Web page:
UVM Medical Center Nurses Authorize Strike As Negotiations Continue | Health Care | Seven Days | Vermont's Independent Voice

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UVM Medical Center Nurses Authorize Strike As Negotiations Continue


Published June 25, 2024 at 4:33 p.m.

Deb Snell speaking at Tuesday's press conference - COLIN FLANDERS ©️ SEVEN DAYS
  • Colin Flanders ©️ Seven Days
  • Deb Snell speaking at Tuesday's press conference
Nurses at the University of Vermont Medical Center have voted to authorize a five-day strike against the Burlington hospital if the two sides fail to reach a new contract in the coming days.

The strike authorization vote by members of the Vermont Federation of Nurses & Health Professionals was endorsed by 85 percent of those who participated, the union said at a press conference on Tuesday.

The vote gives the union the power to call for a strike once its contract expires July 9, but it does not guarantee a walkout will happen. A federal mediator will attend negotiations this week, and the two sides have hinted that they’re open to compromise.

“We know what we need to keep nurses here in Vermont ... and we need the hospital to truly listen to us," union president Deb Snell said. "We know they can do better."

The hospital is working to “enhance and fine-tune” its offer, president Stephen Leffler told reporters at a separate press conference on Tuesday afternoon. “We do have the same goal in mind, and we are committed to paying the best possible wages that we can, within all the constraints that we have."

Several months of negotiations on a new three-year contract have brought the two sides nowhere close on proposed wage increases.

The hospital has offered a combined increase of 17 percent, which executives say would push wages above national averages and enable the medical center to compete with similar-size hospitals in the region.

The union, meanwhile, has proposed an increase of 46 percent. It’s also calling for new steps to be built into the contract so that experienced nurses can continue to earn annual pay bumps. About 500 nurses will have reached the top of the pay scale this fall, the union says, including some who started as new grads and are now in their forties, staring down another decade or two on the job.

Many nurses still struggle to get by in Chittenden County despite raises in recent years, Snell said. She pointed to a new report from trade magazine Becker's Hospital Review that found the average nurse pay in Vermont, when adjusted for the cost of living, is about $37 per hour — close to the bottom nationally.

When nurses leave for better-paying gigs out of state, staffing shortages worsen and the hospital winds up spending big on temporary workers, Snell said. A $10,000 sign-on bonus has aided recruitment efforts, but some still end up leaving after their yearlong commitment. They take on travel contracts themselves, Snell said, or “move to a state where they can make a living and start a family.”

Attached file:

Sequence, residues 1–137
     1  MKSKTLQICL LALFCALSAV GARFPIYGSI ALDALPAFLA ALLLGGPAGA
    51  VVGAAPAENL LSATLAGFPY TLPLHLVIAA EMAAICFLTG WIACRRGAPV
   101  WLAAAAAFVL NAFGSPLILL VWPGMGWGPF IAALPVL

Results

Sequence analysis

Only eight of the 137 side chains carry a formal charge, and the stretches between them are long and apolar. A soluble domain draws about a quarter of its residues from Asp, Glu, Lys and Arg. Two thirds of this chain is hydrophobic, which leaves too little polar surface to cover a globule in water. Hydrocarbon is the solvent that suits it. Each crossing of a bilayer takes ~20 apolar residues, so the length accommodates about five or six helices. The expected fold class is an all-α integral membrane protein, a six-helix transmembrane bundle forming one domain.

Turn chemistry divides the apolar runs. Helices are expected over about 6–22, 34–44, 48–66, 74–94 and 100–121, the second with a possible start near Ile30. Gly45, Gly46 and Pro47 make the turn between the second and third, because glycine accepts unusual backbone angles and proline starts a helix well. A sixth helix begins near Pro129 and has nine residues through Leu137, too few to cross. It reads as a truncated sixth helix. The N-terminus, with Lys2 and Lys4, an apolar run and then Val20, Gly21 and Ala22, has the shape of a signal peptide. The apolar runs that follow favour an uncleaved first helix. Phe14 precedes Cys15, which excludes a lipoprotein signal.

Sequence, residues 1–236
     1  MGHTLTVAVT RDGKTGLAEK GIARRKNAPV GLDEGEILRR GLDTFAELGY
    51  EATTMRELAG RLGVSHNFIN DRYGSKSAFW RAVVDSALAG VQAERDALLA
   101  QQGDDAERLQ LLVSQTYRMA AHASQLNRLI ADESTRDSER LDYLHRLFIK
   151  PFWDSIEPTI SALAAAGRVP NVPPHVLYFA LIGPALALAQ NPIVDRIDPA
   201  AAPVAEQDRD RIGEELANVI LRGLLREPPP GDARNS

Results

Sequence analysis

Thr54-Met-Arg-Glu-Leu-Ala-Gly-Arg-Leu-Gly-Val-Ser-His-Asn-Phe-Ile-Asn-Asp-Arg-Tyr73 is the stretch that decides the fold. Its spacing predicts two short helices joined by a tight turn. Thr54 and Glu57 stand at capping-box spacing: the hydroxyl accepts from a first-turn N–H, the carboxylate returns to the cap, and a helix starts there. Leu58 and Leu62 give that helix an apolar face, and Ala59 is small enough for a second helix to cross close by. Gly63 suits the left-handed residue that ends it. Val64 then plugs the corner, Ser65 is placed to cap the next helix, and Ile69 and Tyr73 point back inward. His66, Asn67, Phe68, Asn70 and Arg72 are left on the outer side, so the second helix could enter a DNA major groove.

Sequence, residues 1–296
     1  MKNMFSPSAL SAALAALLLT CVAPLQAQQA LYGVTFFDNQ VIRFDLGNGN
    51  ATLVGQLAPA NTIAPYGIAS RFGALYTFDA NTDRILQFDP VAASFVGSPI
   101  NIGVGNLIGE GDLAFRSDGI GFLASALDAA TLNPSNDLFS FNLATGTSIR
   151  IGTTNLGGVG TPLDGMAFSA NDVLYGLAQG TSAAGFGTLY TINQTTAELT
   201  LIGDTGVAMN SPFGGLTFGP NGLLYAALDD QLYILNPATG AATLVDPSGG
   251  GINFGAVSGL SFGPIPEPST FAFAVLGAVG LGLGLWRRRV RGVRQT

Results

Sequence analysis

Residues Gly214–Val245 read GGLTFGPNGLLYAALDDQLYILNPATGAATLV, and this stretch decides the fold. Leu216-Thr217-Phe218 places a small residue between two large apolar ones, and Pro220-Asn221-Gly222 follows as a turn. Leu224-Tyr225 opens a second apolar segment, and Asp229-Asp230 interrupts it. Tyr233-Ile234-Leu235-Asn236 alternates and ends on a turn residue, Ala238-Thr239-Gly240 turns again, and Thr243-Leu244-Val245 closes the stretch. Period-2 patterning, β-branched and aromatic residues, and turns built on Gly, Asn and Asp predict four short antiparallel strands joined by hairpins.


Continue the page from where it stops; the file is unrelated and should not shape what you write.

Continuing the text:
The threat of a strike puts Vermont’s largest hospital in a bind as the summer budget season approaches. State regulators have urged the hospital to fix its access problems while at the same time pleading with it to trim costs.

But nurse pay represents 8 percent of the hospital's overall budget, and so the union's proposal would force it to either cut services or raise commercial insurance rates, Leffler told reporters. He estimated those rate hikes could be as high as 10 percent annually over the next three years, on top of whatever else might be needed to keep the ship running.

The hospital president appealed directly to nurses last week in an attempt to prevent what could be UVM's second strike in the past decade. He urged union members to vote against a work stoppage, calling the two-day strike in 2018 a “very difficult time for our organization, our staff and our patients."

It was also costly: The hospital paid $3 million to temporary workers during those two days. “These were resources that could have been spent at the bargaining table and, after the strike, UVMMC’s proposal did not change significantly,” Leffler wrote.

Leffler told reporters that the hospital is prepared to keep its doors open should nurses walk out again. "We're very confident we can provide high quality, safe care over the five days, but I truly hope that we do not have that situation," he said.

Whether striking nurses would receive the same level of support this time around remains to be seen: The same cost-of-living increases cited by the union have also battered the broader public over the past six years, and many say they struggle to afford their health care premiums.

"Our message to them is, unfortunately, in this economy, that is what it takes to bring nurses to Vermont," Snell said of the union's proposal.

While she hoped the threat of a strike would prove moot, Snell said she believes the union is in a better position now than it was in 2018, which is why a longer work stoppage is on the table.

“We don't believe that that two-day strike really made as much of an impact,” Snell said. “We are stronger this time. We are more committed. We know our value. We know our worth, and we know that they need us.”

“I'm going to be retiring in a few years,” Snell continued. “I want to know that there's someone to take my job, and take care of the patients, after I'm gone.”

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